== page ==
(Update: links added as the wi-fi improved)
I’m sitting in on the corporate blogging panel at Syndicate moderated by Charlene Li from Forrester, featuring Jeremy Zawodny (fellow Yahoo! and my cubemate), David Geller (WhatCounts), Greg Renaicker (Newsgator), and Jodi Baumann (Network Appliance — where Dave Hitz has a blog). A few random thoughts on the panel (if you’re looking for a blow-by-blow summary of the panel, this is not it):
Early in the panel, someone in the audience asked Jeremy what a “blogroll” was when he used the term. I’m pointing that out not because it’s a bad question, but precisely because it’s a reasonable question for someone who wants to learn about blogging. Luckily, there’s a decent blogging glossary that I just found (though I’m not sure I’ve ever heard terms like “blogroach” before and many of the words are superfluous to someone who wants to understand the basics).
Earlier in the panel, Jodi Baumann said, “we’re a public company” a lot in describing their relatively conservative approach to their corporate blog — of course, so is Yahoo! (granted, we are a consumer-facing company, not a hardware company) I work at Yahoo! (so I’m biased), but I think the way Yahoo! handles “corporate blogging” is a model for any public company — and it hasn’t gotten us in trouble yet that I know of (same goes for Microsoft and Sun, of course). We have a handful of official Yahoo! blogs (Y! Search blog, Y! Developer Network blog), but the corporate blogging policy (PDF) for individuals with their own blogs (which I think is reasonable and necessary for a large public company) allows and encourages blogging within well-conceived guidelines that address appropriate legal issues. Official corporate blogs aside, as the talent wars heat up again in Silicon Valley and elsewhere, I think encouraging employees to express themselves in their personal blogs is a competitive advantage in hiring. In that sense, I think companies thinking about “corporate blogging” should have the courage to extend their policies to address employee blogs explicitly. Yahoo’s blogging policy was a big factor in why I joined the company (and since I joined, my blog has helped me meet people within Yahoo! which has helped me get up-to-speed faster).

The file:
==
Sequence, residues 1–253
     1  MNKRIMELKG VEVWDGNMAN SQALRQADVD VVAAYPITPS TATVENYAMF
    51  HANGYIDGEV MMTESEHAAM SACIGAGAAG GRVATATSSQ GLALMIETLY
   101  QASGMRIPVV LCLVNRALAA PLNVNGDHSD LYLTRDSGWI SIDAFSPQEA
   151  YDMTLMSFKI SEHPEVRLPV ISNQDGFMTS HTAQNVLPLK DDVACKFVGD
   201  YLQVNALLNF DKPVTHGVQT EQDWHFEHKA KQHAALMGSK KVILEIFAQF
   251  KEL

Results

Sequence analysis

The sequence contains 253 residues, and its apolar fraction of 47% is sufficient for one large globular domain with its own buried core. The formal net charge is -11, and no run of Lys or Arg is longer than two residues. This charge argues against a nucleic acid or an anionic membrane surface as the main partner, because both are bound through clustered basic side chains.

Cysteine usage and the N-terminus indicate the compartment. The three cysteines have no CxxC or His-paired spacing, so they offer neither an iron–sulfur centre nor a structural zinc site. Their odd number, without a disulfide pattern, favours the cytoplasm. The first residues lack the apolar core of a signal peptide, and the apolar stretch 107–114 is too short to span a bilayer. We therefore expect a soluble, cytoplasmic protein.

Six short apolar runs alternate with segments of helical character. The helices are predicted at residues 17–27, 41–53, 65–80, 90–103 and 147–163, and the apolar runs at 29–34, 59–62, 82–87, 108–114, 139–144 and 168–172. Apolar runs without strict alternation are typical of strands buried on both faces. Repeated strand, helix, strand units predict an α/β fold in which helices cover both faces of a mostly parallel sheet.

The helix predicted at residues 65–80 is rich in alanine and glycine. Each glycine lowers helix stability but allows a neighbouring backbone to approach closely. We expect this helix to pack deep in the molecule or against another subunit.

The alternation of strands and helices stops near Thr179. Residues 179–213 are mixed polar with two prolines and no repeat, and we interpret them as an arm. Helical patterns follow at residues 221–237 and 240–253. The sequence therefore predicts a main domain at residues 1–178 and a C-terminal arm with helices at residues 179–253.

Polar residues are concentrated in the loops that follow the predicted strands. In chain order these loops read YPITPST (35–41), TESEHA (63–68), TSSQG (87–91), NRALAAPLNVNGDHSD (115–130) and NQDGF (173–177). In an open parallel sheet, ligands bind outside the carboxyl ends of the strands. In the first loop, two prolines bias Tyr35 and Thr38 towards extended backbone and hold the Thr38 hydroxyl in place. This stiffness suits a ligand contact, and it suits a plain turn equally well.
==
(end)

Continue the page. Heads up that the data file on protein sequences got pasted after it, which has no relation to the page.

There’s also a “just do it” quality to blogs (again, within reason). Charlene Li noted in closing the panel that the first GM blog went from conception to launch in eight days. If GM can do it in eight days (with all the legal issues of a giant public company), it shouldn’t take much longer than that for any company to do it.